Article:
Home Comics/Books Forgotten Childhood: The Hobbit – Graphic Novel
Forgotten Childhood: The Hobbit – Graphic Novel

Forgotten Childhood: The Hobbit – Graphic Novel



The first comic that I remember falling into my hands was this old, somewhat faded copy of a story about a hobbit. A few months prior to Peter Jackson’s Lord of the Rings films exploded on to the big screen, I was entrusted with the family copy of J.R.R Tolkien’s The Hobbit (I don’t know why, I was six and infamous for putting baby powder in the tea pot). Ever since opening those first few pages of “In a hole in a Beornground there lived a hobbit”, to the closing pages of “You are a very fine fellow Mister Baggins, and I am quite fond of you”, this novel has shaped my love for art, fantasy and the simple beauty of someone small on a big adventure time and time again.

The graphic novel first came to being in the late ’80s, when David Wenzel was recommended for the work after his run on The Avengers and The Savage Sword of Conan in the ’70s. A staggering feat of work as Wenzel delivered the fully illustrated and painted pages for the then three-part series The Hobbit: An Illustrated Edition of the Fantasy Classic. It has since been updated to the The Hobbit Graphic Novel and has seen three editions. It’s among the most successful graphic adaptations of a piece of classic literature ever.

Like a lot of you, I was the arty kid who everyone in class turned to when it was time to make a poster (right up until leaving cert…). The simple but stunning illustrations throughout the book by David Wenzel kindled my imagination and dedication to being able to draw a Gandalf that wasn’t a terror on the page. Every page is a testament to the beauty of traditional water colouring and inking. You can spot some colours spilling over the lines and even where the water was heavier on the dwarves. Even today these amazing pages have pushed me to stick with a medium that’s dwindled in comic books.

Having a pre-Jackson vision of Middle-Earth in my collection is a quiet point of pride; he beautifully re-imagined Middle-Earth, but his way isn’t the only way. It’s a small joy of mine to show off the same old Mister Bilbo Baggins and Thorin Oakenshield to friends and fans, but not as they’ve seen them before. My memory of it is spotted, but I revisited it at least once every two years. For six year old me, getting through a comic book as thick as a novel with slabs of text was about the same as attempting The Silmarillion now. The old softcover inevitably found itself sliding onto the floor or flat in my lap when I fell asleep during another attempt to read it.

the_hobbit-049I spent all the years I can remember obsessesed with Tolkien, spending evenings after school in front of the fire on spongey shag carpet trying to redraw Smaug, or rewatching Aragorn take down uruks on that new DVD thingy dad brought home. Over 70 years of Middle-Earth now stands for fans to dive in to, from the litany of Alan Lee illustrations, to board games and film trilogies. There’s a quiet simplicity to The Hobbit Graphic Novel that echoed the book in a unique way. While there’s now the screen interpretation with a good helping of the unfinished tales, the graphic novel takes exclusively from the book and is wonderfully adapted and woven around the art. While the screen adaptations boast an epic and grand vision of the quest to the Lonely Mountain, Dixon‘s and Deming‘s vision of Hobbition and Lake town are far more subdued, clearly of a different time in how fantasy was brought from the page. It’s Disney-like dwarves and bumbling British hobbits are a charming staple of a simpler vision that feels as if it was pulled from a child’s imagination as they read through the old classic. That’s part of why it remains with me, its distinctive classic feeling and look, setting itself miles apart from anything I read today, and certainly from the Jackson trilogy.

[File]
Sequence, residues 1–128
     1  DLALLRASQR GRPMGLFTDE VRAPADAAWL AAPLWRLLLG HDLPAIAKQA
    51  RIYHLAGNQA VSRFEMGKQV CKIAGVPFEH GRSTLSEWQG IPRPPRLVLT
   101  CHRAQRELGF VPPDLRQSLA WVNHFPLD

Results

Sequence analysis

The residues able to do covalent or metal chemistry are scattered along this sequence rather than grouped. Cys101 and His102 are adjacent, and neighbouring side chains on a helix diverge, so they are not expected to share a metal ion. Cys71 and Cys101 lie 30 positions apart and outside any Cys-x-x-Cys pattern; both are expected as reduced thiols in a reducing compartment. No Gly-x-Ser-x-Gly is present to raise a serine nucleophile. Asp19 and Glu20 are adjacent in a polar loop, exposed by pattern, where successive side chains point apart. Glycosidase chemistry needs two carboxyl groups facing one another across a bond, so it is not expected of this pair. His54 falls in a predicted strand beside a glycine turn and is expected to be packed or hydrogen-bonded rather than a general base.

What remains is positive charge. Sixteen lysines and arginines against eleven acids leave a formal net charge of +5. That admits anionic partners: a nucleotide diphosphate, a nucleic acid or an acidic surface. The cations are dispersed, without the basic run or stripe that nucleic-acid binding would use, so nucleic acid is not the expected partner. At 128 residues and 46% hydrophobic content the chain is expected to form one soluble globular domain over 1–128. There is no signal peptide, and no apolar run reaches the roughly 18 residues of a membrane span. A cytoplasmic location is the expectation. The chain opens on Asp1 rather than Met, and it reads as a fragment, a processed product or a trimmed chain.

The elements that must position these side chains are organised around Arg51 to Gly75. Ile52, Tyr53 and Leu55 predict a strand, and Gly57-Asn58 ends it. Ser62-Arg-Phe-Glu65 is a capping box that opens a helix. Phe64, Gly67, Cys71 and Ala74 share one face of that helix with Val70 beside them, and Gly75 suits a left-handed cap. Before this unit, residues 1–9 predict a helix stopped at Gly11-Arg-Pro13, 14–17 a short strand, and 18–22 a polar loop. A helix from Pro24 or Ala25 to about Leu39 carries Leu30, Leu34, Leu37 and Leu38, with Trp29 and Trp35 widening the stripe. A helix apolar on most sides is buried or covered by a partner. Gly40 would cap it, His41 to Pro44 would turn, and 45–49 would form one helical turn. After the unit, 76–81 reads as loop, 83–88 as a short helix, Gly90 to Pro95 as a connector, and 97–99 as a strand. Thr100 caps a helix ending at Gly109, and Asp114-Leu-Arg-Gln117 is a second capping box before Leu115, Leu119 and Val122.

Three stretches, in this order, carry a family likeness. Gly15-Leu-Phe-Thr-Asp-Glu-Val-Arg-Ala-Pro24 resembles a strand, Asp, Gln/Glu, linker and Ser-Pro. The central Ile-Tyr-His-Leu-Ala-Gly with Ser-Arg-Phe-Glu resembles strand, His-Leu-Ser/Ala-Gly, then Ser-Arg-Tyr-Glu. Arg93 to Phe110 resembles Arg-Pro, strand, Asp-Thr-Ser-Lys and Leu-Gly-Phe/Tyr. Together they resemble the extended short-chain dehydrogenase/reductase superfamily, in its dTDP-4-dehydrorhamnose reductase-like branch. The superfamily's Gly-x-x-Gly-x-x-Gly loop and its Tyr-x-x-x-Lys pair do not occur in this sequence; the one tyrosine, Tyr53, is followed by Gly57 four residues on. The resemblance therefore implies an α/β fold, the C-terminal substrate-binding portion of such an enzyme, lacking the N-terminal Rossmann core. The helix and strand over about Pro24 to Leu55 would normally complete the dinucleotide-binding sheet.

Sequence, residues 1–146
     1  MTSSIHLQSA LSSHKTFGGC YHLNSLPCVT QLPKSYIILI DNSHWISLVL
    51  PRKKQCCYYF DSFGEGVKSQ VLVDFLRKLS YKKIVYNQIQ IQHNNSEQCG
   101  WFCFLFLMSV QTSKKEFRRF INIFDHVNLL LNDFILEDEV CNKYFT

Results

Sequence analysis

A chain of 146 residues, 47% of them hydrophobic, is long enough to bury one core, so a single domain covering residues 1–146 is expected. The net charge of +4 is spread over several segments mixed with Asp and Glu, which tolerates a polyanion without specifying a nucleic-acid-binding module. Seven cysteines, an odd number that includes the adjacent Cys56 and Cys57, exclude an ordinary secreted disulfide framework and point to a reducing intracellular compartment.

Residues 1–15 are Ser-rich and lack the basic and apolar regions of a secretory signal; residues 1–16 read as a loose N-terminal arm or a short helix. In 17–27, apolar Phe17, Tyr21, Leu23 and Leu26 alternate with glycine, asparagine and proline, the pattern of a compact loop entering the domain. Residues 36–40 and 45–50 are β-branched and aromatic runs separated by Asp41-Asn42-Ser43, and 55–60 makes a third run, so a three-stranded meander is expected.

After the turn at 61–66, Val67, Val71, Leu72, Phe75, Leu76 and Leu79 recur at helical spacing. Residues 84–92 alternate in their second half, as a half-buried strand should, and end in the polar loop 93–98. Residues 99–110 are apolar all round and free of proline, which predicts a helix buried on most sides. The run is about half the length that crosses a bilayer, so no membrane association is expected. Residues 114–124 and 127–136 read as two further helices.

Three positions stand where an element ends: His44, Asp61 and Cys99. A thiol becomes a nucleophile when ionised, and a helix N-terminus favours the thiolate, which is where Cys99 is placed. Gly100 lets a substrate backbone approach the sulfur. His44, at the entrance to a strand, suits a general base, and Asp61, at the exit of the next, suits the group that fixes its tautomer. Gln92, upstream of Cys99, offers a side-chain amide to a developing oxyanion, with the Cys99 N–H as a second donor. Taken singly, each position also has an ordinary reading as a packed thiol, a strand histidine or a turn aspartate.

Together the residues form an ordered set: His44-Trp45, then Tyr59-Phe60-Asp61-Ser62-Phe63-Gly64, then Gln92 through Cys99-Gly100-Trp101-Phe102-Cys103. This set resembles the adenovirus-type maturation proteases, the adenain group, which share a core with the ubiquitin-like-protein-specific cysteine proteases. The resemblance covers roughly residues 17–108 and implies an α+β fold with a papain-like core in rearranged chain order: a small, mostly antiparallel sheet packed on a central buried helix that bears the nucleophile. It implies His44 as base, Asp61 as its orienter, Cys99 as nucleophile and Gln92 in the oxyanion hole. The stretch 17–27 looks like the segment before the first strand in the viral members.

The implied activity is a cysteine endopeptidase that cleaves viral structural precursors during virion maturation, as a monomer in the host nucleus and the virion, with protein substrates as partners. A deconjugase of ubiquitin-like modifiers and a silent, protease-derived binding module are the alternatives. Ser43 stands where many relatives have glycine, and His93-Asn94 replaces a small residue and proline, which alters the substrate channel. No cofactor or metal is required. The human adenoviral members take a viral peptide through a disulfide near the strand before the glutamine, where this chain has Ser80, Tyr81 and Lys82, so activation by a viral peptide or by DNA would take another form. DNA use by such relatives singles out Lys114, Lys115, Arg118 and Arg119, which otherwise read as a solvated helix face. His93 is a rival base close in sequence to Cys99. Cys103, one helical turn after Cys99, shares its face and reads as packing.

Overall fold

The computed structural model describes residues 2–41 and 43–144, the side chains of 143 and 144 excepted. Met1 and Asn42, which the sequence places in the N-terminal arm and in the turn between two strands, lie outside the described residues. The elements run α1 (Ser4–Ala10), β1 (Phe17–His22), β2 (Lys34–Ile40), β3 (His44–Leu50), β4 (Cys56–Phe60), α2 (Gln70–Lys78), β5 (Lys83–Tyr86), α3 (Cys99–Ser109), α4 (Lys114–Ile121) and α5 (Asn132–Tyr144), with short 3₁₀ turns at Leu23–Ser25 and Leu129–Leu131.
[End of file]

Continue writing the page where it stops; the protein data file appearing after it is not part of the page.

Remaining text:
Much as I enjoyed most of the cinematic retelling of The Hobbit, when the black arrow pierces Smaug’s hide, or Bilbo and Gollum riddle in the dark, it’s these pages that flow familiarly into my head and I’ll struggle to forget them. The graphic novel has stayed essential to my collection, and I remember those afternoons reading it fondly. Most books and shows from my childhood fall apart like an old map when I revisit them, but The Hobbit Graphic Novel stays as enchanting as it did the first day I opened it.

Have you read the retelling of The Hobbit as a graphic novel? Do you have a favourite comic adaptation? Let us know below!